Temperature Breaks: As the Gulf Stream pushes into the North East every spring it brings with it very warm tropical water that is full of life. When this warmer water pushes up against the cooler North East inshore waters temperature breaks are formed.  As the Gulf Stream ungulates and moves often warm water eddies and filaments will break off the stream and push into our local waters as well.   It is along these temperature breaks that bait is often found, and when you find bait the tuna are usually not far behind.  Late May and June mark the beginning of our tuna season and we often see hard breaks of 4-6 degrees.  These hard breaks are easy to see and find and often provide good fishing with aggressive bites and Yellowfin cover ups.  However as the season progresses the temperature breaks become less obvious and harder find.  Here is a link to Rutgers free satellite surface temps.  http://marine.rutgers.edu/cool/sat_data This Rutgers site provides a good way for you to get acquainted with sea surface temperatures offshore.  However, the paid satellite services come complete with updated analysis of all the conditions and mark the areas most likely to have good tuna fishing.  Some very accomplished fisherman I know prefer Roffs- Link:   http://www.roffs.com/

Water Clarity:  In general when fishing offshore water clarity and color can be an indicator of better conditions for tuna fishing.    When fishing our canyons it is the beautiful deep blue clear water you are looking for.  This does not apply to inshore 30 fathom line fishing where it is common to catch Bluefin tuna in green water.    Paid satellite services also use Chlorophyll concentrations to determine where this clear blue water is.  They also incorporate that into their analysis in predicting the best locations for tuna fishing.

What lures to use?

      Well, Sterling Tackle lures of course.  Just kidding, but with a good mix of Sterling Bars, Sterling chains and Joe Shutes with ballyhoo you will truly be fishing with some very proven tackle that has landed a WHOLE LOT of tuna. Click here for the proof: Awesome Pictures and Videos

Trolling Patterns:  Most tuna fisherman use a standard “V” pattern behind the boat.  Then a way way way back lure which is usually fished off a center rigger or straight from the rod tip in a high rod holder.  More information on trolling patterns below.

Speed:  Most tuna fishermen troll between 4.5 knots and 7.5 knots.  The slower speeds are usually used when you are trying to let heavy lures run deeper in the water column or when targeting tuna in cold water.  The faster speeds are used to cover more ground in an effort to locate tuna then slowing down a little once fish are located.  Sea conditions will also dictate your speed.  You will want to watch your spread to make sure the lures are behaving the way you want them to and then adjust your speed accordingly.  The rougher the seas the slower you will likely have to troll to keep your lures running true.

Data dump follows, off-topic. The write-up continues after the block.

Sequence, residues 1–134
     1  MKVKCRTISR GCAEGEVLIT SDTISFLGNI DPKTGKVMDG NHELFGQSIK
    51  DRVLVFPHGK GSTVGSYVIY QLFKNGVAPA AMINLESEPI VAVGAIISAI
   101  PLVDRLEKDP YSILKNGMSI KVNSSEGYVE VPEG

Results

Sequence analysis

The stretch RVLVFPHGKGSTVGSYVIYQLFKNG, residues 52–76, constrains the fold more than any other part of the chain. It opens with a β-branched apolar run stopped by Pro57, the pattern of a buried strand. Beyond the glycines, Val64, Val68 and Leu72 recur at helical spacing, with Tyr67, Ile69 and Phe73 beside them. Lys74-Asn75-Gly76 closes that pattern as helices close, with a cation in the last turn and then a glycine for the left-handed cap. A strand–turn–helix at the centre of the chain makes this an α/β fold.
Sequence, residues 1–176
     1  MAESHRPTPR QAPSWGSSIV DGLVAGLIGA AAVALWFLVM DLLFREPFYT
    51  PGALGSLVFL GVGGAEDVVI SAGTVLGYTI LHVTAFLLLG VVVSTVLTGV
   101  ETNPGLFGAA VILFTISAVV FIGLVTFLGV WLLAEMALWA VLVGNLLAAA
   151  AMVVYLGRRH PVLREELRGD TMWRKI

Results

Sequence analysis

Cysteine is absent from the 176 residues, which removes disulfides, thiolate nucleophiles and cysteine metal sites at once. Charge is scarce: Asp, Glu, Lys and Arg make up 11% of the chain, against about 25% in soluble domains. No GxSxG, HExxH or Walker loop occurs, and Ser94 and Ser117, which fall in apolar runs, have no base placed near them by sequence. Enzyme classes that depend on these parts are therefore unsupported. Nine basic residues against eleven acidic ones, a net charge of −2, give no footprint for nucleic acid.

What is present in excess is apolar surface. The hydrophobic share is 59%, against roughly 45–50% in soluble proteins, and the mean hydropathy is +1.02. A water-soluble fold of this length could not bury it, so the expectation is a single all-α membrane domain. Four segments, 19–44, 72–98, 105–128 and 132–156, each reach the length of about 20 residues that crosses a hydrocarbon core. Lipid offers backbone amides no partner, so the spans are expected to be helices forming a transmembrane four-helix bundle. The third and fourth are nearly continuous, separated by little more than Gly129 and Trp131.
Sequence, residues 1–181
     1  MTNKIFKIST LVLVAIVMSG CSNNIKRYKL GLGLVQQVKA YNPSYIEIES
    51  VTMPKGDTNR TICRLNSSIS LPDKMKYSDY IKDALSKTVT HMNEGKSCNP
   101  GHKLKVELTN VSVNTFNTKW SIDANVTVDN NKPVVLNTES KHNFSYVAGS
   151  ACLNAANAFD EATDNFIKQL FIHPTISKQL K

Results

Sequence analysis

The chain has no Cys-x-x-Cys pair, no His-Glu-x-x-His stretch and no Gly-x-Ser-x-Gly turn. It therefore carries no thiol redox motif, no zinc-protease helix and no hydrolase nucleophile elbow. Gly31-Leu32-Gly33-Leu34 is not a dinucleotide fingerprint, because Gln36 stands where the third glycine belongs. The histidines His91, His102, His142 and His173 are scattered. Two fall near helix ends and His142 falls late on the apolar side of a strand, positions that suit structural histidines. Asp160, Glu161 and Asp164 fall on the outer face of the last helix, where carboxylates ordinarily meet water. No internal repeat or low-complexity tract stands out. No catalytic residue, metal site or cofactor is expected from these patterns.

Colors: The most common questions we get is: "What is the best color bar/chain?" There is no simple answer as it seems to change based on a combination of several factors, including water color, bait present, the background sky above your spread: sunny, cloudy, dusk, dawn. etc.  BUT, there are some general conclusions we have arrived at regarding color.  I have broken them down the best I could below.  

      Tier One: Zucchini, Green, Purple/Black

      Tier Two: Rainbow, White Pearl, Glow, Pink Tiger

 

Species of Tuna:

Bluefin Tuna: During the spring and summer the smaller version(20#-50#’s) is often found in 20-30 fathoms and therefor targeted by many smaller boats.  However sometimes larger Bluefin pushing over 100#’s can also be found hanging deeper in these same areas.  The smaller ones are usually targeted with Sterling Bars, Chains, Joe Shutes/ballyhoo and the old trusty 6” natural cedar plug on the flat line.   The larger ones are usually caught trolling deeper lures like a 5 ¾ oz Joe Shutes with a ballyhoo way way way way back(200-300yrds) behind the boat.  Some even run a Sterling Deep Runner Chain that weighs 48oz to really get it down deep.  You can also slow your speed to 4.5-5.5 knots to let the way way back lures sink deeper.   Now the fall run of Bluefin(Ghosts) with some being true Giants is a topic for another day…

Yellowfin Tuna: Found mainly from 50 to 200 fathoms in our North East canyons, but will also occasionally venture into the 30 fathom line.  A mix of Sterling Bars, chains and Joe Shutes with ballyhoo make up a killer spread.  Early season(Late May and June) most using 6” and 9” lures, then later season switching to 9” and 12” lures. 

Longfin Tuna/Albacore Tuna: Found in the same waters as Yellowfin tuna. These guys usually show up late July through September and are similar in size to our North East Yellowfin.  (30-50lbs)-Same lures and spread will catch them as well.  They do seem to favor bars and surface splash lures. The meat however is different than other tuna, being pure white when cooked and is excellent in a tuna salad sandwich.